• Step Five: Demand an adjuster and complete any forms they require

Your insurance company may use a “proof of loss” form or will simply have you make a formal verbal statement on the phone that may be recorded. You are not a contractor; so don’t give opinions on the scope of the damage, costs, and etc. It will likely be used against you later, if you do. Report the damage you’ve been able to see, any remediation you’ve had to perform, and any help you need with further remediation. Inform them you’ve documented the claim with a list and photos. The adjuster should perform a thorough evaluation of the damage, so check their inspection report, when it happens, against your own list to make sure they haven’t intentionally or accidentally omitted any losses. If the adjuster is unable to complete a thorough inspection due to time constraints he may be forced to “scope the loss.” This is a brief inspection of the damage with a second visit necessary to complete the inspection.

If your carrier gives you the run around on any issues, does not timely respond, or most likely, fails to make you an adequate settlement offer, report the issue to a claims manager and support your case with documentation, estimates, and the photos you took. You have specific rights under the laws of the insurance codes of your state; know them. They are typically easy to find on every state’s department of insurance website and will spell out your rights and the carrier’s legal obligations in plain English.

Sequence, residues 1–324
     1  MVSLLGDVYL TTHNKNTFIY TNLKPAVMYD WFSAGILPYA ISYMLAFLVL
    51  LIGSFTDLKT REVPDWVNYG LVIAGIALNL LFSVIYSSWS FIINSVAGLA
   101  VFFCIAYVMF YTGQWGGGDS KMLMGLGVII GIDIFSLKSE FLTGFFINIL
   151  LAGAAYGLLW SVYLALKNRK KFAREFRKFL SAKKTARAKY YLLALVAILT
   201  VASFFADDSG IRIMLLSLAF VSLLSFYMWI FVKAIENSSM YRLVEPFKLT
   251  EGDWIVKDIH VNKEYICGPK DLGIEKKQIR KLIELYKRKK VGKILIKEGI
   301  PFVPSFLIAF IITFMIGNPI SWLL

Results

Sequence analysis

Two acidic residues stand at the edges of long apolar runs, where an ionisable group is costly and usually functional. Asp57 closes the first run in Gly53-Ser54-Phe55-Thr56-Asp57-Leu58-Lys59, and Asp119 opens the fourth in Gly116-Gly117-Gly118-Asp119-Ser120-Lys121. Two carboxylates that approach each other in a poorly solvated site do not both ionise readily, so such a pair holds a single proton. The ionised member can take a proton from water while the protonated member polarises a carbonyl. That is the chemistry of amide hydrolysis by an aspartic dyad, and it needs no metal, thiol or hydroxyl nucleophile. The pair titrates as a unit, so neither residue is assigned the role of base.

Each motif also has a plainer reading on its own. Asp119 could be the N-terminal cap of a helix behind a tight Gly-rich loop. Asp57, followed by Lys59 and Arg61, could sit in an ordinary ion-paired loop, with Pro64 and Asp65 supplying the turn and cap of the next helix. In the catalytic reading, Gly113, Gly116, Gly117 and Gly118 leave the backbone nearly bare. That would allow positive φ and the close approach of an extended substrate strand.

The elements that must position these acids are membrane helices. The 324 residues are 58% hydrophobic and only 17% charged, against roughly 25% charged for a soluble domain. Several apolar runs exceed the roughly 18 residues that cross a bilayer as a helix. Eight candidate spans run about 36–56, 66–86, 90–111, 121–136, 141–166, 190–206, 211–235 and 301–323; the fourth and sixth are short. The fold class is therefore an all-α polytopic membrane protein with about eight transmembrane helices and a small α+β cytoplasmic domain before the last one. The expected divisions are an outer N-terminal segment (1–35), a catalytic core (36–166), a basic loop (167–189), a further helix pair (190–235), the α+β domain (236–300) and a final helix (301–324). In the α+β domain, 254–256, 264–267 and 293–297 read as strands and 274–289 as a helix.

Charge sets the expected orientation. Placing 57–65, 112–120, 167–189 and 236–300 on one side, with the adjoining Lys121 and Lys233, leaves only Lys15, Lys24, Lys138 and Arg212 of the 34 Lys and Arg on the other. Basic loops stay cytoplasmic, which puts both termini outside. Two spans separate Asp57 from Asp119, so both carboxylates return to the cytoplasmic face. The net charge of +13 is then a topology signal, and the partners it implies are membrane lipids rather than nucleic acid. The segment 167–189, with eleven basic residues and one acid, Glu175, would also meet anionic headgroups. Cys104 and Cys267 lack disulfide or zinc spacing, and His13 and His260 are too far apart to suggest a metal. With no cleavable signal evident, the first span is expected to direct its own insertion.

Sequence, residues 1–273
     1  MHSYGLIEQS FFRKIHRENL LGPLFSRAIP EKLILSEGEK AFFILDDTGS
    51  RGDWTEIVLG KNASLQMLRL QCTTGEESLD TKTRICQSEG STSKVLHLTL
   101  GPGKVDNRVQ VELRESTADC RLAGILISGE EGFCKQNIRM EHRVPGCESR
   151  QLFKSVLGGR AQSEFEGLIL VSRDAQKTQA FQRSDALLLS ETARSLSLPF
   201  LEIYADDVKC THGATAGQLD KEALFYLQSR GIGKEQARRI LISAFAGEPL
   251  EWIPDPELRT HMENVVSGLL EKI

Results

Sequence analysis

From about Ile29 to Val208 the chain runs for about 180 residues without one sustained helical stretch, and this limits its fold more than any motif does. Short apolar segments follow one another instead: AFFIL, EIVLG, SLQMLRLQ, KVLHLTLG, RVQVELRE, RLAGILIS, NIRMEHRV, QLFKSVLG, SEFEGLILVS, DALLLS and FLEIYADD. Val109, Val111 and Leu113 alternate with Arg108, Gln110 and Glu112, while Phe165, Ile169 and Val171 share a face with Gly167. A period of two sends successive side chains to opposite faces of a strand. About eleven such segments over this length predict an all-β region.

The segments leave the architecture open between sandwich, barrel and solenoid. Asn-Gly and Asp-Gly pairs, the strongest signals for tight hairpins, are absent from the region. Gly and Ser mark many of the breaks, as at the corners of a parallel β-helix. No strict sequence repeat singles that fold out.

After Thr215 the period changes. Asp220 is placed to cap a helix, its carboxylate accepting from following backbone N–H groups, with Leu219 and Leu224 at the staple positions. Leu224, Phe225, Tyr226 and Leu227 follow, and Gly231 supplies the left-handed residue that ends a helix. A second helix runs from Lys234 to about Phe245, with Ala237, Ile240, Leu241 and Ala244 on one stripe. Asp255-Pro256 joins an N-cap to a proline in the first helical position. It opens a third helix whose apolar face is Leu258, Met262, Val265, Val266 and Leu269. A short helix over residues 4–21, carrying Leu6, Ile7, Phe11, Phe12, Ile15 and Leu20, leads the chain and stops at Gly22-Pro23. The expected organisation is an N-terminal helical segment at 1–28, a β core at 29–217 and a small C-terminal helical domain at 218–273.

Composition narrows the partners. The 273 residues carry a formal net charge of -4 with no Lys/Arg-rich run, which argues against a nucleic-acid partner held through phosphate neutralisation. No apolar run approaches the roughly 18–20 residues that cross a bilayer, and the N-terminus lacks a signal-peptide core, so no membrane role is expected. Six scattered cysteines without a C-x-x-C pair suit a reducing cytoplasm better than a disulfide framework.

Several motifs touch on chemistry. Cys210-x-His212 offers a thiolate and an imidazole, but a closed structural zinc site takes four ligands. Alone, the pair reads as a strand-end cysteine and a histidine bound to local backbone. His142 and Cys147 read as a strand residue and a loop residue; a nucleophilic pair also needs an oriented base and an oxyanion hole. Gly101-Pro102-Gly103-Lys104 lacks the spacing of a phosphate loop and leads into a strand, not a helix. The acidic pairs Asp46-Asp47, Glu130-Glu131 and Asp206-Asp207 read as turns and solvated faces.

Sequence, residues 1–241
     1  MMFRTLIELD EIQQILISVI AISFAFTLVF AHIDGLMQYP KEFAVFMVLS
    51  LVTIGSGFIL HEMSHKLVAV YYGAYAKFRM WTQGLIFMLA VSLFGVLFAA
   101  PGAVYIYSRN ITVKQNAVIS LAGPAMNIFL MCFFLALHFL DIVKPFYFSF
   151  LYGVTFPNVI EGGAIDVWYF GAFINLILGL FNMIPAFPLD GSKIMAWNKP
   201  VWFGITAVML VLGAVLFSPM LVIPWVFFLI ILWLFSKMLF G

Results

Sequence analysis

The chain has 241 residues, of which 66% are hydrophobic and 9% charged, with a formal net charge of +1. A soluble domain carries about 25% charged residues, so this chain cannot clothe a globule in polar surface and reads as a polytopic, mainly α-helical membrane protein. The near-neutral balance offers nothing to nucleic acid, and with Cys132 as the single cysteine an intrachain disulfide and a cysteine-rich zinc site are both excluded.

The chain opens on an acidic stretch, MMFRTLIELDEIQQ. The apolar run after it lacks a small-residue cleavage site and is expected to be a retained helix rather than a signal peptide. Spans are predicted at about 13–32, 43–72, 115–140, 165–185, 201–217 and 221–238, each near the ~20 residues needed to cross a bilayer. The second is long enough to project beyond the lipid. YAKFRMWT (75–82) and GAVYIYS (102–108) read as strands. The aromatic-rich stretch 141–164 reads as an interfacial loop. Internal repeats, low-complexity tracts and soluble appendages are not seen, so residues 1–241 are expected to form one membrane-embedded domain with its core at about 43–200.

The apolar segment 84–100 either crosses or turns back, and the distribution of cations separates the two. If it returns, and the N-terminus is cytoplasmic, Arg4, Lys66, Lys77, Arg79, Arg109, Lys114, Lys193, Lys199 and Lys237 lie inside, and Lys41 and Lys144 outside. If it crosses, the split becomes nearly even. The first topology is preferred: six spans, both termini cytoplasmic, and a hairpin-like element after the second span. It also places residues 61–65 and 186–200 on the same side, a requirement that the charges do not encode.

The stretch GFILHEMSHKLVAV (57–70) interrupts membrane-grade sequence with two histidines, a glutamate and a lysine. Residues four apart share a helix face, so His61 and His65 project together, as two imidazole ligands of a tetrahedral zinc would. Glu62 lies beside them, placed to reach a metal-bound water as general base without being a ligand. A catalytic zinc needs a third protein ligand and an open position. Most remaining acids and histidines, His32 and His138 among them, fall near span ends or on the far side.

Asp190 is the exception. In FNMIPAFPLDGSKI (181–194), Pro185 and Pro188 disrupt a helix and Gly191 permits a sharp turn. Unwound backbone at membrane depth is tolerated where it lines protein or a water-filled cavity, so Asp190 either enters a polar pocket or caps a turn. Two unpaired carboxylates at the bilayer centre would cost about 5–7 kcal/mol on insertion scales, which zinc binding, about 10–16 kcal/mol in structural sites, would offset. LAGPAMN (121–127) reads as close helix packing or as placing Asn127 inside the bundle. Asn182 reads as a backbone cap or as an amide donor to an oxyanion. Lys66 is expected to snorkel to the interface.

This article originally appeared at www.physicianspractice.com where Ike Devji has written over 135 articles on buisness law, risk managment and asset protection for doctors. 

Arizona Asset Protection Attorneys Featured at 17th Annual Wealth Protection Conference, May 2014

Attorneys Charlie Davis and Ike Devji will be speaking at the 17th Annual Wealth Protection Conference on May 9 and 10 in Mesa Arizona.

From Left, Attorneys Charlie Davis and Ike Devji

From Left, Attorneys Charlie Davis and Ike Devji

Topics covered at the conference will include:

How To Protect Your Assets For Generations,   How to Safely and Legally Use Offshore Trusts and Banks,  Common Fatal Flaws and Misconceptions That Cost Successful People Everything,  Asset Protection Blueprint,   Estate Planning Tips,   Must Have Assets for 2014, Tools To Help You Put Your Business Into Hyper Growth Mode, Profiting During the Impending Dollar Collapse,   Where Energy is Headed & How to Profit, Taxpayers Rights and Abuse Prevention.

Take a look at the Conference website at www.wealthprotectionconf.com and sign up today to secure your spot. If you want to bring a colleague, spouse, child, or a friend the price of a second ticket is half price.

Charlie Davis is the founding partner of Davis Miles McGuire Gardner (DMMG) in Tempe Arizona and has decades of experience in dealing with business owners and other successful Americans on issues related to real estate, tax law and advanced business planning including Asset Protection.

See more on Charlie here: http://www.davismiles.com/attorney/charles-e-davis/